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Archive for December 12th, 2014

Justice Department Won’t Force New York Times Reporter James Risen to Reveal Source

Reporter James Risen

By Pete Williams
NBC News

WASHINGTON — Attorney General Eric Holder has decided against forcing a reporter for The New York Times to reveal the identity of a confidential source, according to a senior Justice Department official.

The reporter, James Risen, has been battling for years to stop prosecutors from forcing him to name his source for a book that revealed a CIA effort to sabotage Iran’s nuclear weapons program.

The government wanted Risen’s testimony in the trial of a former CIA official, Jeffrey Sterling, accused of leaking classified information.

But now, according to the Justice Department official, Holder has directed that Risen must not be required to reveal “information about the identity of his source.”

To read more click here.

Weekend Series on Law Enforcement History: FBI’s J. Edgar Hoover

Former FBI Agent Defends Torture Following Scathing Senate Report

James Davis

By Steve Neavling
ticklethewire.com 

James Davis, a 25-year veteran of the FBI who headed the Denver office and served in Afghanistan and Iraq, said the brutal interrogation techniques outlined by the Senate’s torture report were appropriate to keep the U.S. safe.

“In the FBI, we build relationships on a rapport with the detainees that’s built over a long period of time,” Davis told KDVR.com in Denver. “After 9/11, we didn’t feel like we had much time. I think that the guys that were using those techniques believed them to be legal and believed them to be necessary to keep the country safe.”

Davis dismissed the Senate Intelligence Committee’s report as partisan and disagreed with the findings.

“I’ll never say never, but to say that this never produced actionable intelligence is probably not true,” Davis said. “Starting those interviews, the people they were talking to were not providing information so something had to happen to get them to start providing that information.”

FBI Blamed for Demise of Hedge Funds Following Failed Insider Trading Case

By Steve Neavling
ticklethewire.com 

Investors can be a skittish bunch.

When they heard of the federal government’s suspicions of insider trading involving two hedge funds, Level Global Investors and Diamond Capital Management, they fled and the funds shut down, the New York Times reports.

On Wednesday, the two men found guilty of insider trading, Todd Newman and Anthony Chiasson, were vindicated when a federal appeals court overturned their convictions.

The found of Level Global, David Ganek, blamed the FBI for the hedge fund’s demise.

“For the dozens of my high-integrity colleagues at Level Global who lost their jobs and their reputations because the F.B.I. improperly raided our firm in this now-discredited fishing expedition, today’s legal vindication is a reminder of how prosecutorial recklessness has real impact on real people,” Mr. Ganek said in a statement sent by a spokesman.

Newman and Chiasson were found guilty by a jury two years of ago of conspiring to earn millions of dollars making taxes based on inside secrets.

 

Study: Only 20% of Sexual Assaults on College Campuses Are Reported to Police

By Steve Neavling
ticklethewire.com 

Only one of five campus sexual assaults are reported to police, according to a new Justice Department report, PBS reports.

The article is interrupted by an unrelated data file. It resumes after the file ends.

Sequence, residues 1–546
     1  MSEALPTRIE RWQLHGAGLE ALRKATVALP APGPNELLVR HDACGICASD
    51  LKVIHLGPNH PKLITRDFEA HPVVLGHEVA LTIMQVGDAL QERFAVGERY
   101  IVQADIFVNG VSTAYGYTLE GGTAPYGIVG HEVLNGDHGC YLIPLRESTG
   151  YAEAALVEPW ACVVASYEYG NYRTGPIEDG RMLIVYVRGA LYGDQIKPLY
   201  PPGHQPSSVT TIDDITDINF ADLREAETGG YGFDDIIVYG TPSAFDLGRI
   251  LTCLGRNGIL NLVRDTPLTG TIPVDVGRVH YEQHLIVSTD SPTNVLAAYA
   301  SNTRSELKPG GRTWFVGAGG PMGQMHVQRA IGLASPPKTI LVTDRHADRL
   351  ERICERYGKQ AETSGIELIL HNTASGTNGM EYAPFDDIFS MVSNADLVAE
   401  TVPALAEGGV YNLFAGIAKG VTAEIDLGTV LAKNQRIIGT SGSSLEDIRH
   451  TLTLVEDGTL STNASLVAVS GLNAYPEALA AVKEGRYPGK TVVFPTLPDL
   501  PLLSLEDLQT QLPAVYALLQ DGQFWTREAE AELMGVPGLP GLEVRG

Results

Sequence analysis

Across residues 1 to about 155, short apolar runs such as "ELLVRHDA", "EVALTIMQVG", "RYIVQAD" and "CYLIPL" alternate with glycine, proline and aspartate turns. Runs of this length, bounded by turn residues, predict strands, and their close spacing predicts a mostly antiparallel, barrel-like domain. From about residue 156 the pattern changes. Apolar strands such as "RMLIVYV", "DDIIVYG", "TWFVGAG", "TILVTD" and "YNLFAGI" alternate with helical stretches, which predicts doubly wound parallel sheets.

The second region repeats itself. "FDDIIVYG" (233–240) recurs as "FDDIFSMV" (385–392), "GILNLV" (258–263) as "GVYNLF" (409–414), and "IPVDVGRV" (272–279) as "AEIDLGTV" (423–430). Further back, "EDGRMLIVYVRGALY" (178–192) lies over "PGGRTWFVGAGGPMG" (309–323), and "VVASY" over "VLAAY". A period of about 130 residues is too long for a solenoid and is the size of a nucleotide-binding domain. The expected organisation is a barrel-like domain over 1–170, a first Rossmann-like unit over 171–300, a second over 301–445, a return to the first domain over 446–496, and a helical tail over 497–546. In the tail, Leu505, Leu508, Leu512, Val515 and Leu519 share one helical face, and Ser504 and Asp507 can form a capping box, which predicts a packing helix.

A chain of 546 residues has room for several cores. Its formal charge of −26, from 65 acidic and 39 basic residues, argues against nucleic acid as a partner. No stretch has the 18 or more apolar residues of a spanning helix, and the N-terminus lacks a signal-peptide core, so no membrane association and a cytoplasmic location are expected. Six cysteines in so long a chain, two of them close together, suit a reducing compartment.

The reasons victims didn’t alert police range from fear of reprisal to believing the crime doesn’t rise to the level of police involvement.

The findings are based on figures from the National Crime Victimization Survey from 1995 to 2013.

Peter Lake, a law professor at Stetson University College of Law who conducts training for colleges on the topic, said some students “don’t know what their legal rights are.”

Border Patrol Agents Would Be Given 3 Overtime Options Under Bill Awaiting President’s Signature

By Steve Neavling
ticklethewire.com 

A bill awaiting President Obama’s signature would give Border Patrol agents three overtime options in an effort to cut payroll costs, the Washington Post reports.

The “Administratively Uncontrollable Overtime” would be replaced with a system designed to save what amounts to an average 80% reduction in overtime pay.

The House of Representatives unanimously supported the measure on Wednesday.

“The current pay system simply is not in alignment with the demands our border security places on our agents, and the mission has suffered as a result,” said American Federation of Government Employees President J. David Cox Sr. “This reform is absolutely crucial for bringing stability and predictability to Border Patrol pay and will make a huge, positive contribution to our agents’ ability to provide the most effective border security.”

The old system, which was meant to compensate officers whose obligations in the field required them to stay extra hours, was abused, The Post wrote.

Under the new system, officers can work 100 hours per pay period, about two weeks, and receive an annual 25 percent pay boost, work 90 hours and receive an annual 12.5 increase or work no overtime.

Justice Department: Indian Tribes Can Begin Selling, Growing Marijuana

By Steve Neavling
ticklethewire.com 

Indian tribes are now allowed to grow and sell marijuana on their sovereign lands under the same federal guidelines that apply to four states where pot is legal for recreational use, the Justice Department announced Thursday, Bloomberg reports.

The Justice Department said federal laws banning marijuana will no longer be enforced.

“The tribes have the sovereign right to set the code on their reservations,” said Timothy Purdon, the U.S. attorney for North Dakota and the chairman of the Attorney General’s Subcommittee on Native American Issues.

The decision to legalize marijuana will ultimately fall on tribal governments.

 Stories of Other Interest